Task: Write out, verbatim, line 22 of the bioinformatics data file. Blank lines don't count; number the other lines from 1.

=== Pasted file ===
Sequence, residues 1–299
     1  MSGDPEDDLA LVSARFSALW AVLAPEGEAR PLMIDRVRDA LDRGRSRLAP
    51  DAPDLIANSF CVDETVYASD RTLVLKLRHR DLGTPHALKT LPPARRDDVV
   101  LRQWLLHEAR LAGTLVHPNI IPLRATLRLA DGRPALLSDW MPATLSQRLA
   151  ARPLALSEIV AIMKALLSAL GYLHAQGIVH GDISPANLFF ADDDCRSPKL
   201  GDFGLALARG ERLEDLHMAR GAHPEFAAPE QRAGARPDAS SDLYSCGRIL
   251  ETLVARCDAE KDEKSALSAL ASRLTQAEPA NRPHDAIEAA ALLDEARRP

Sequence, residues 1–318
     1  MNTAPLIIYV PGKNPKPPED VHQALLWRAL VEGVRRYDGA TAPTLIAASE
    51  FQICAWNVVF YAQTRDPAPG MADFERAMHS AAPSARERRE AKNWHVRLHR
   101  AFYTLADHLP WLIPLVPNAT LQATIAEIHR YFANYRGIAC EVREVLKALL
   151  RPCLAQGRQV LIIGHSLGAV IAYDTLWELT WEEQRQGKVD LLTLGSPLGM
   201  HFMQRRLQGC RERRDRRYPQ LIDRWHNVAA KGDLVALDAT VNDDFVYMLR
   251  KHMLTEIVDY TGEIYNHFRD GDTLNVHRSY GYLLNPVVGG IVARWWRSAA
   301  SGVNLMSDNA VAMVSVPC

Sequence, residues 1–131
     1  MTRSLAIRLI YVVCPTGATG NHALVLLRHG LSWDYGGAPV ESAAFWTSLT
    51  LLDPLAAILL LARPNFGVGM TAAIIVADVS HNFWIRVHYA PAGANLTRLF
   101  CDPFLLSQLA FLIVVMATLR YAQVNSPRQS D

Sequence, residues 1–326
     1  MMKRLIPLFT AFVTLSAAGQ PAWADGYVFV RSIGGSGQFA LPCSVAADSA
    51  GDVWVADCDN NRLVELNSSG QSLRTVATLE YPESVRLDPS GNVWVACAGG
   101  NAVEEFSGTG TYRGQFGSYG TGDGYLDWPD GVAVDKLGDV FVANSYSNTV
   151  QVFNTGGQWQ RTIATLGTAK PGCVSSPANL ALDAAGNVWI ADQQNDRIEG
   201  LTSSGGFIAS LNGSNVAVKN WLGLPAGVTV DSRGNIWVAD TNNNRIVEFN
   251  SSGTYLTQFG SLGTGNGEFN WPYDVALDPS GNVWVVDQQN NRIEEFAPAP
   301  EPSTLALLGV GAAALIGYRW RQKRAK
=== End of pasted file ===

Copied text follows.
    51  GDVWVADCDN NRLVELNSSG QSLRTVATLE YPESVRLDPS GNVWVACAGG